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Denmark has long been home to one of the strongest robotics clusters worldwide. And, according to the Odense Robotics Insight Report 2022 (PDF), Denmark’s robotics industry grew 12% in 2021.
Denmark’s robotics, automation and drone industry generated EUR 2.8 billion (DKK 21.1 billion) in turnover in 2021, including EUR 1.5 billion (DKK 11 billion) in exports. According to the report, more than EUR 900+ million (DKK 6.7 billion) has been invested in robotics companies in Denmark since 2015. And more than 400 robotic companies in Denmark employ a total of 14,500 people.
“Denmark continues to rank amongst the world’s leading robot nations, delivering a strong 12% growth last year and even higher rates in segments such as collaborative and mobile robots,” said Mikkel Christoffersen, CEO, Odense Robotics. “Global labour shortages at end users are fuelling demand for automated solutions and extending deployment of Danish robotic and drone technologies to new sectors such as logistics, retail, construction, healthcare and energy.”
According to the report, the Danish robotics industry has a positive outlook on 2022 and through to 2025, where turnover forecasts reach EUR 5 billion (DKK 37.2 billion). Companies experiencing strong growth said increased demand for automated solutions is fuelled by several key megatrends:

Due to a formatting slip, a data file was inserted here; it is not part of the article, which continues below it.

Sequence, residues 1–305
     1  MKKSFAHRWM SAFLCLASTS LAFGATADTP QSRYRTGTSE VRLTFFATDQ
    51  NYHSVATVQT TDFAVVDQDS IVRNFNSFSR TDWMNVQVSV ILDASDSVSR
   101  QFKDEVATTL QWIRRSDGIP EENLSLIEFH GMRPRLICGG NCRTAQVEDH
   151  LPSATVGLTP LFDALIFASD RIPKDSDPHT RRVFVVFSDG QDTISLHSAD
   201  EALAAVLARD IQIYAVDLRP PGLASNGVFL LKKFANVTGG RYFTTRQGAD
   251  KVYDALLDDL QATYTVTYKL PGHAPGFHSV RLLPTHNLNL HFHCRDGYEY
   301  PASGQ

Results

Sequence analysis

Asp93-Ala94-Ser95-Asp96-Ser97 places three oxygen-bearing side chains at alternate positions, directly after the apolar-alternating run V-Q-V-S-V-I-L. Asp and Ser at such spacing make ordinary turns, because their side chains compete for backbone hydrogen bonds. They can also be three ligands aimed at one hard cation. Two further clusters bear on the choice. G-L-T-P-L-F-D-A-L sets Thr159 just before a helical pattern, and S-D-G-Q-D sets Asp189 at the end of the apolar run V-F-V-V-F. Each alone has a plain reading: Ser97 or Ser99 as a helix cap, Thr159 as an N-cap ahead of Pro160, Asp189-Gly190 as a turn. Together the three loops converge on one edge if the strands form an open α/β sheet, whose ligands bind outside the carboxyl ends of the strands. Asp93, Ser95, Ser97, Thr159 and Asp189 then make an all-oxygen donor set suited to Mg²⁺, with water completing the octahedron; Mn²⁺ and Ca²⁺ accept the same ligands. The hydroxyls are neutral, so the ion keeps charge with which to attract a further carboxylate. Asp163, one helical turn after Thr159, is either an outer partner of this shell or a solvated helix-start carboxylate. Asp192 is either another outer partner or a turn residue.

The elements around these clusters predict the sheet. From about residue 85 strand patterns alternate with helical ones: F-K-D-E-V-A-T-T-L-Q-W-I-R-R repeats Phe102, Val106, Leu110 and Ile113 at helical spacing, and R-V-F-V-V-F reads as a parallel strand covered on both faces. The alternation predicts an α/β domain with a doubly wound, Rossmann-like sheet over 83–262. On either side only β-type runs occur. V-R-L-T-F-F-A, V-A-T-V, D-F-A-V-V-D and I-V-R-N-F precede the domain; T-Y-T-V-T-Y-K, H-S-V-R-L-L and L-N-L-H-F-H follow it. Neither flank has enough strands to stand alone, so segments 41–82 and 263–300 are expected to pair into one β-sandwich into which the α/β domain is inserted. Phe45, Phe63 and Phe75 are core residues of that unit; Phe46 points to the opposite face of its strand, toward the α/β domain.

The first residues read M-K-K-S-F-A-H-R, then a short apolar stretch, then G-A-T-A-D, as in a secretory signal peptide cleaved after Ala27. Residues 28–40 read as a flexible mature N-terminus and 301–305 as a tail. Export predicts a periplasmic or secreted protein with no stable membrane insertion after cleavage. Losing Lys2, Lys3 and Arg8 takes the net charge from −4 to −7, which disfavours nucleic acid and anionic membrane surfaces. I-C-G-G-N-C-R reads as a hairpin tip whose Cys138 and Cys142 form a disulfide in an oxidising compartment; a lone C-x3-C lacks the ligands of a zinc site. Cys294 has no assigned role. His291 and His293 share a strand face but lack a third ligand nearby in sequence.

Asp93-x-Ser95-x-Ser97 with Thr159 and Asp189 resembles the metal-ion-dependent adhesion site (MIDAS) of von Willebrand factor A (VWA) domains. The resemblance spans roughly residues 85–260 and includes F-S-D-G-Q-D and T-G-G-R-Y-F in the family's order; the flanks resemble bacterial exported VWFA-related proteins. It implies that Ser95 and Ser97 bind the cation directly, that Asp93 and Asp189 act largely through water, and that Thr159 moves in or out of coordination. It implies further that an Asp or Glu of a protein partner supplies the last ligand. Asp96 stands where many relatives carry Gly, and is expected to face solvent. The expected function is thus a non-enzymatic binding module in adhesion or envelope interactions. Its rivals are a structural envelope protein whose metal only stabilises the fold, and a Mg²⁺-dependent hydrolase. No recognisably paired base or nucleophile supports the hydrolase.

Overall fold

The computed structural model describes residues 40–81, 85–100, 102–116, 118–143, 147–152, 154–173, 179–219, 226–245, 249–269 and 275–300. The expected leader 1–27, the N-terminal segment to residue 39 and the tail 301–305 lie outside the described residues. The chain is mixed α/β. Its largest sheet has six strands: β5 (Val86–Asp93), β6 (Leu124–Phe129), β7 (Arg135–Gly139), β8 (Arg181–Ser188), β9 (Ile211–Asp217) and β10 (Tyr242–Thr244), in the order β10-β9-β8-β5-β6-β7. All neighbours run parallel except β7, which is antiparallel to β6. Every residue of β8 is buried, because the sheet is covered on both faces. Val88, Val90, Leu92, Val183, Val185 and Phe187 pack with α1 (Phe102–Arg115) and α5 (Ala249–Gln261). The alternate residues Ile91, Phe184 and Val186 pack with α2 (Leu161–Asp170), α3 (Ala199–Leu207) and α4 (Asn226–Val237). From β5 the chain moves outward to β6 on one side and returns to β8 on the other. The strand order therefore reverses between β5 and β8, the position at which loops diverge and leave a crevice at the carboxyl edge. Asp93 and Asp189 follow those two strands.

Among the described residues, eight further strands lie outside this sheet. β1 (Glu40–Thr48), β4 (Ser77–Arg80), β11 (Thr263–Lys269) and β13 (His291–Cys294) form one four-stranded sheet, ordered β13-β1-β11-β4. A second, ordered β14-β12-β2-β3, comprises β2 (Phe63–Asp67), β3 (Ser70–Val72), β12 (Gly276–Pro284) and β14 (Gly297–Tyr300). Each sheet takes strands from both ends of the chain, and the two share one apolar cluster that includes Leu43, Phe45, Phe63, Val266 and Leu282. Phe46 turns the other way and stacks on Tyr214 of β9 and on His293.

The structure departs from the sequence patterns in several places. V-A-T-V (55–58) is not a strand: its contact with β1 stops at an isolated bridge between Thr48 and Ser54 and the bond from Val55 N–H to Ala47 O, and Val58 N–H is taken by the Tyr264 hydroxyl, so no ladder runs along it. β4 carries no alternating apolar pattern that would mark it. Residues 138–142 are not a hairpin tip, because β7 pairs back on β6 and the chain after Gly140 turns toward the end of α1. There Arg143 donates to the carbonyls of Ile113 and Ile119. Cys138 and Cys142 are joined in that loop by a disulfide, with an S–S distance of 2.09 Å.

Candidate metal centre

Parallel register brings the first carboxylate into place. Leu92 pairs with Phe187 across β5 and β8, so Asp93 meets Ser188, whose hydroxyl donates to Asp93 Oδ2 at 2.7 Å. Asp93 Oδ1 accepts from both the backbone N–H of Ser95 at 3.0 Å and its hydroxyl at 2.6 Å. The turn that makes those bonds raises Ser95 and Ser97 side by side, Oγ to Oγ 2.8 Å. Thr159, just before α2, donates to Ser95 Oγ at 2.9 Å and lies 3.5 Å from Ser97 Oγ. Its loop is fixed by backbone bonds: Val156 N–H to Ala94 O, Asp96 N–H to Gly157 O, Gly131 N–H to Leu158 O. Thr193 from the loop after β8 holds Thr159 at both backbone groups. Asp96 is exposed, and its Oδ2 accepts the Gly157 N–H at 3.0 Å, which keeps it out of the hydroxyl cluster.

- Labor shortages
- Increased need for on efficiency improvements
- Disruptions to supply chain
- A growing focus on green transition
- Companies experienced repeated business from customers extending their use of technologies after seeing the impact
Two of the world’s most prominent robotics companies are based in Denmark: Mobile Industrial Robots (MiR) and Universal Robots (UR). These two companies, according to the report, experienced financial turnover increases of more 40% in 2021.
UR increased sales 41% in 2021 to a record $311 million. That accounted for nearly 83% of all revenue for Teradyne’s industrial automation group. UR generated $97 million in revenue in Q4, its largest quarterly revenue number ever. That marks a 22% increase on Q4 2020 and 28% up on Q4 2019.
“Universal Robots has had a great year,” said UR president Kim Polvsen. ”In a company like ours, which manufactures sophisticated hardware to high quality standards, this sort of growth requires tremendous commitment from all involved. Our production team in Denmark has broken internal records for the number of cobots built, producing 400 cobots in a single week in Q4. Our supply chain experts have worked hard to keep our business running smoothly despite global supply challenges.”
MiR sales grew 42% in 2021 to $64 million. Its best seller was the MiR250, but its higher payload MiR600 and MiR1350 autonomous mobile robots also sold well. MiR said it sold nearly 300 AMRs in December 2021, which set a record for a single month.
Despite the growth, challenges still persist. Eighty-five percent of Danish robotics companies surveyed said the biggest adoption barrier is the lack of understanding about the benefit of automation. The second-largest (82%) growth barrier is a lack of R&D resources, while a lack of qualified employees and supply chain issues was the third-largest (79%) challenge.
“It’s important that even more sectors realize just how big a contribution robotic technologies, drones and flexible automation can make,” said Casper Hansen, CEO of Technicon, and vice chairman of Odense Robotics. “They can be a big part of the solution to global challenges such as labor shortages. They can improve work conditions. Drive efficiencies. Even strengthen your brand. But we need even more sectors to realise this before we can see the full benefits. It’s about increasing understanding about the advantages of new technologies and making them more and more easy to deploy.”